The Yankee record in festive slaughter may not be quite as good as we puff it up to be. The United States came late to the parade of World War I after everybody else had done the fighting and declared itself victorious. America won splendidly in World War II, drew in Korea, and lost in Vietnam. The United States has only a fairish record in wars against helpless countries: lost in Cuba, Somalia, Lebanon, Cambodia, and Laos, but won in Grenada, Panama, Iraq I, and, maybe, Iraq II and Afghanistan II. In our record of wars won we rank high in the standings and would make the playoffs, but on the percentages the British look better.

Now, I grant you that the French have done the usual irreparable damage to civilization that countries do when they can. Napoleon was a preening little scourge, yes. (He did show that the French can fight well when led by foreigners.) But-correct me if I'm wrong-did the French not produce Zola, Pierre-Auguste Renoir, Laplace, Galois, the lovely prose of Alexis De Tocqueville, and indeed about 12,000 shelf-feet of such like? For this, perhaps, they can be forgiven Simone de Beauvoir and those unnecessary existentialists.

If only patriots whooped who had heard of these people, we might have rather less whooping. And if you are going to eat cheese while surrendering, you might as well eat good cheese.

If the French have declined in war since Napoleon, they still have style. I wish we had some. Our current emperor always gives the impression that he has just finished eating a peanut-butter sandwich. His speeches might be the winning entry in a seventh-grade elocution contest in Texarkana. By contrast, you can look at almost any French minister without suspecting that he was dressed by his mother, and the merest of them radiates an air of worldly understanding and intelligence that would get him jailed in America. A French cab driver has more class than a congressman, and probably fewer gravy stains.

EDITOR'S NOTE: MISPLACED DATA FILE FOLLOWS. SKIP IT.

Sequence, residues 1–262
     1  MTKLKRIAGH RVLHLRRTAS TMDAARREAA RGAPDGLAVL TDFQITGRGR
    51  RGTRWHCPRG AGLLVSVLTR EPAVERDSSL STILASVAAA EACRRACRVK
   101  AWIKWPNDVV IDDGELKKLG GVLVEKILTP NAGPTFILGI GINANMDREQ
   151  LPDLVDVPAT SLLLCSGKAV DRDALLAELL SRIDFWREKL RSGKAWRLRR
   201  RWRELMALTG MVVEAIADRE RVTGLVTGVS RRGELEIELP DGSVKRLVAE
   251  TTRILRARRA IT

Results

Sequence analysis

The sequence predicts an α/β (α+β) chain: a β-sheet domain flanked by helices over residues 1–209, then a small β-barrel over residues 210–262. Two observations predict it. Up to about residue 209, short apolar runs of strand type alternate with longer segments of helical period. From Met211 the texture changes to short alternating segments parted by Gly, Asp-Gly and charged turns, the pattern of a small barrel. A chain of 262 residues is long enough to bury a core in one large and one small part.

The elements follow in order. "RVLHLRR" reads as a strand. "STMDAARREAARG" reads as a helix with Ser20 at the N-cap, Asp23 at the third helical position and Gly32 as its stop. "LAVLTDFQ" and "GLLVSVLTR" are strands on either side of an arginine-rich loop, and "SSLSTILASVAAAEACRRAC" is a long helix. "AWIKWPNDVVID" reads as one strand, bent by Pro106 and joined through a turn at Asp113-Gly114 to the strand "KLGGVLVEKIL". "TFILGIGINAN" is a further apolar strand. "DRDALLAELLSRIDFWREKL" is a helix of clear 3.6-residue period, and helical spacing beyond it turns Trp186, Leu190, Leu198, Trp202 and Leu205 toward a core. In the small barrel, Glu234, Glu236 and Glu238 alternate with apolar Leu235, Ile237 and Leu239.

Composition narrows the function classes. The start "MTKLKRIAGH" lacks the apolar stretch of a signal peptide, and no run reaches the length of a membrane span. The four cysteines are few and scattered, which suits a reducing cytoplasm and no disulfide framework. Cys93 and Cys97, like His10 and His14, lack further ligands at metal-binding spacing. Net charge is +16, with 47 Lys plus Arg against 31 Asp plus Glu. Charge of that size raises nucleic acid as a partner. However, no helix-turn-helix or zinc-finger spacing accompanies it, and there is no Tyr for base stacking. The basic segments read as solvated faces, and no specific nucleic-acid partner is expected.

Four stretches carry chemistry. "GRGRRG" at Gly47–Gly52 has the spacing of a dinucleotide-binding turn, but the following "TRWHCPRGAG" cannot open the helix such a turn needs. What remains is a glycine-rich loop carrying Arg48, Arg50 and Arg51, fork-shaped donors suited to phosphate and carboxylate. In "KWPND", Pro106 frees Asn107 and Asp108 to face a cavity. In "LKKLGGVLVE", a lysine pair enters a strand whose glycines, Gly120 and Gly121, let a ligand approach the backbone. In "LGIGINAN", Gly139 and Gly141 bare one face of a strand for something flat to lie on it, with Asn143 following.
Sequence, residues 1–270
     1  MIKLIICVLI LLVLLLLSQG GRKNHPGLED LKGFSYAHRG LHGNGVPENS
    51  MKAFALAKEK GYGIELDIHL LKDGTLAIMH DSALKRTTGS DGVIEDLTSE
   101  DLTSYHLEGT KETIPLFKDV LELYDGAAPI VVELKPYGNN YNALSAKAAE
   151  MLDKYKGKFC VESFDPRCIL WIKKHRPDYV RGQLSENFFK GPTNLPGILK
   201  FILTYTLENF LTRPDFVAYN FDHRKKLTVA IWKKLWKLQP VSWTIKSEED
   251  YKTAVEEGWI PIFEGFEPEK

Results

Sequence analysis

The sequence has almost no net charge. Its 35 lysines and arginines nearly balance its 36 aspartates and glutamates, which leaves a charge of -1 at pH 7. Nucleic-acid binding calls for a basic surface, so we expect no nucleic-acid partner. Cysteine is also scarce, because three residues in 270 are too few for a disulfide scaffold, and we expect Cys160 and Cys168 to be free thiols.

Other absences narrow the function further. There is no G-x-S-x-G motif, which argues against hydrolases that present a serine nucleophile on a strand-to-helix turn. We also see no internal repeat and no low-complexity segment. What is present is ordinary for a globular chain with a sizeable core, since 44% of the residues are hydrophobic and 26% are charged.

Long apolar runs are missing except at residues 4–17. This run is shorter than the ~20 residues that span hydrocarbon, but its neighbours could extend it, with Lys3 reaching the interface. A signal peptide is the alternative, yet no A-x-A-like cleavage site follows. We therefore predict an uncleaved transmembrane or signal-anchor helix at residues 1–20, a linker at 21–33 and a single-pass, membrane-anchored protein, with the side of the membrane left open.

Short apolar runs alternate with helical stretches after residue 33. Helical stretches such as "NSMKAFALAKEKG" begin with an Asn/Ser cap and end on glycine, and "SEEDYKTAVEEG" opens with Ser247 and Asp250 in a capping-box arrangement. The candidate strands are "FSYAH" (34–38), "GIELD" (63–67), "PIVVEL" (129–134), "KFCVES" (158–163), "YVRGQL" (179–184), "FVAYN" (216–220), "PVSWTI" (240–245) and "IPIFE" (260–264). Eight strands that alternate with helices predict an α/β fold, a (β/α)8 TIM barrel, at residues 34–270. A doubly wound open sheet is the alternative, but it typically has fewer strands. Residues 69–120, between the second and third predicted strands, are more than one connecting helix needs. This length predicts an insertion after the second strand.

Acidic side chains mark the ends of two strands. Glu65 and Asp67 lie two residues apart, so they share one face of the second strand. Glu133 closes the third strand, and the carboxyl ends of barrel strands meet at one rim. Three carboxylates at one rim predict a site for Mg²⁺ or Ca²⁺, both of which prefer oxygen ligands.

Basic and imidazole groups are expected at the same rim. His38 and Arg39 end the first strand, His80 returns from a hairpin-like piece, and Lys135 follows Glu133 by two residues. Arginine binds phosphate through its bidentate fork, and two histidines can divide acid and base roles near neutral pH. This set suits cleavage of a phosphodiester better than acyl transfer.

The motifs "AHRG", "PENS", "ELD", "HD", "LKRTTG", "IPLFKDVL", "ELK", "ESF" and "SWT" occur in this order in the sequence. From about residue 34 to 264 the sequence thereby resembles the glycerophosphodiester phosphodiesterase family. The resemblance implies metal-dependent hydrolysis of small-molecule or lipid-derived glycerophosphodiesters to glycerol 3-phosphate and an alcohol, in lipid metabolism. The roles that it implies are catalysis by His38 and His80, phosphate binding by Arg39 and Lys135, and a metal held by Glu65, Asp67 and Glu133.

The French respect intelligence, whereas we are deeply suspicious of it. I'm not sure that intelligence has much place in diplomacy, other than to let one make bad choices in better prose. Still, misjudgment engaged in with class at least makes better reading for later students of history. Whatever their failings, the French do not cultivate boorishness as a compulsory credential of democracy, lie systematically to their children, or endeavor to crush intellectual endeavor. We didn't either, once.

America once had a brash, rough, leather-breeches style with a cornpone but genuine appeal. The genius of America was the pawky outsider laughing at European pretensions, the lethal wit of Twain, Bierce, Mencken, and Hunter Thompson. The country wielded canny frontiersman like Davy Crockett, enjoyed the cracker-barrel shrewdness of Andrew Jackson, who figured that Bourbon belonged in branch water and not on a throne.

Thing is, backwoods virility doesn't well make the transition to suburbia. The American unease with ideas didn't sit badly on Huck Finn, Daniel Boone, or, in the Heroic Age of American technology, the buzz-cut engineers working on Apollo. But put Tom Sawyer on Ritalin in deliberately crippled suburban schools to keep him from being a boy; teach him that to be manly is sexist and that to be educated is elitist; wean him from independence and self-determination but give him nothing to replace them; rigorously discourage intellectual enterprise-and you get the polar opposite of a Frenchman.

Europeans, and assuredly the French, like to believe that the tremulous age of Europe makes them proof against the jejune lurchings of the young United States. I see blessed little evidence of it. But there is something appalling in the boobish anti-civilization now eagerly embraced by America. Much of our noisy patriotism is not readily distinguished from the barroom tantrums of congenitally hostile louts. We have a president who probably thinks Oat Cuisine is something one feeds to horses. I'm not sure that, before we put our own house in order, we are a position to look down too scornfully on the French.